Letty, a young woman who ended up pregnant, unmarried and on the streets at fifteen is bitter and determined that her child will not grow up to be taken advantage of. Letty teaches her ... See full summary »
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Letty, a young woman who ended up pregnant, unmarried and on the streets at fifteen is bitter and determined that her child will not grow up to be taken advantage of. Letty teaches her child to lie, steal, cheat and anything else he'll need to be street smart. We meet Letty when Mickey is 7-1/2. Mal enters the picture when his truck and Mickey, who is hanging on to the back of a delivery truck and being pulled along the streets on his roller skates, collide. Mickey is not injured badly, but when Letty discovers that Mal is rich, she concocts a scheme to take Mal to the cleaners. When her plot is uncovered, Letty is also discovered for the unfit parent that she is, and Mickey is taken away from her. Mal and his wife Alice, unable to have children of their own, take Mickey in and give him a father's love, a true mother's love, and a home he can call his own. Letty is jealous of Mickey's growing attachment to these two good people and she still sees Mal as a ticket to riches. Letty ... Written by
The film ran into censorship problems from the start, mainly from the character portrayed by Loretta Young and the skimpy clothes she wore. It was rejected twice by the Hays office before it was finally given an approval certificate, after several cuts and retakes (and all this before the Production Code was more rigorously enforced). Sidney Lanfield directed retakes on 10 November 1933 because director Lowell Sherman was on vacation; other retakes were made early in 1934. In 1935, the film was on a list at the Hays Office, of those films whose release should be halted, but it is not known if any action was ever taken. See more »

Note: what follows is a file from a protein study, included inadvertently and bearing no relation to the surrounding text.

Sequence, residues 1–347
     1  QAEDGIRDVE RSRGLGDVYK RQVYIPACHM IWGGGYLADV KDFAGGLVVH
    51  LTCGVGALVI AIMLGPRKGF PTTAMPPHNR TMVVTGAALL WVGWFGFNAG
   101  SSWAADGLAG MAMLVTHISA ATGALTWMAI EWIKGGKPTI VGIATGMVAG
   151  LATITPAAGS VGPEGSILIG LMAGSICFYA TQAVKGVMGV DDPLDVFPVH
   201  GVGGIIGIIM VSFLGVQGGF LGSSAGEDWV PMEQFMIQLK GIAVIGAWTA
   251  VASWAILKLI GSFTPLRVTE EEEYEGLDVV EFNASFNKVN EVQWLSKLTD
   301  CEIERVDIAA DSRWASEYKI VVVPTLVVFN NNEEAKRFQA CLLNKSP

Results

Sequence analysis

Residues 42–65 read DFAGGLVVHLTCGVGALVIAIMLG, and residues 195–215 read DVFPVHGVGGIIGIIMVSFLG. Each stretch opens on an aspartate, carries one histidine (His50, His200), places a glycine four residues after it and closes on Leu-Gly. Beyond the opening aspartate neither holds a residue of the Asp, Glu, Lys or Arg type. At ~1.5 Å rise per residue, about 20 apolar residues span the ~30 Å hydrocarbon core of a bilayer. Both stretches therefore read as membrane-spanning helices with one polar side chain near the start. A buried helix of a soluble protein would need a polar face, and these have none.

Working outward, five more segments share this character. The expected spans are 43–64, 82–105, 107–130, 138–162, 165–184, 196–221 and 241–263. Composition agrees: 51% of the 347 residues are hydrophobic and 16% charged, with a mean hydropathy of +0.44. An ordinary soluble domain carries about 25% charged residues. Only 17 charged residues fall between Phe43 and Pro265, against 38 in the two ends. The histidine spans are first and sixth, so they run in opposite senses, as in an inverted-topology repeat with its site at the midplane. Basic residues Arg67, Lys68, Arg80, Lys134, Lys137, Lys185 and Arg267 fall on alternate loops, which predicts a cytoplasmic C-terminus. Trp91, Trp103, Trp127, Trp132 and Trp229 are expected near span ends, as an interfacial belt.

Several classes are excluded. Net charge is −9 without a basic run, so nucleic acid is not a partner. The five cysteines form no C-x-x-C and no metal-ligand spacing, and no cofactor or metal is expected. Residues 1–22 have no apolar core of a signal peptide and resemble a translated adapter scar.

This film illustrates the havoc that was caused by the Hays code. Loretta Young tries her best to portray Joan Crawford in the bad-girl role, with little of Crawford's ability to show internal conflict and humor. Grant is adequate in his early cardboard handsomeness. The film, however, does not hold together, and has the look and feel of something that was taken apart and reassembled a number of times. Apparently Born to Be Bad ran into a lot of trouble with the censors, and was cut and tweaked to facilitate its release, leading to some mystifying gaps, puzzling voice-overs, and an ending which strains ones already diminished credibility. Still and interesting film to see for its historical value, being made on the cusp of an era which gutted movies of adult content and moral ambiguity.
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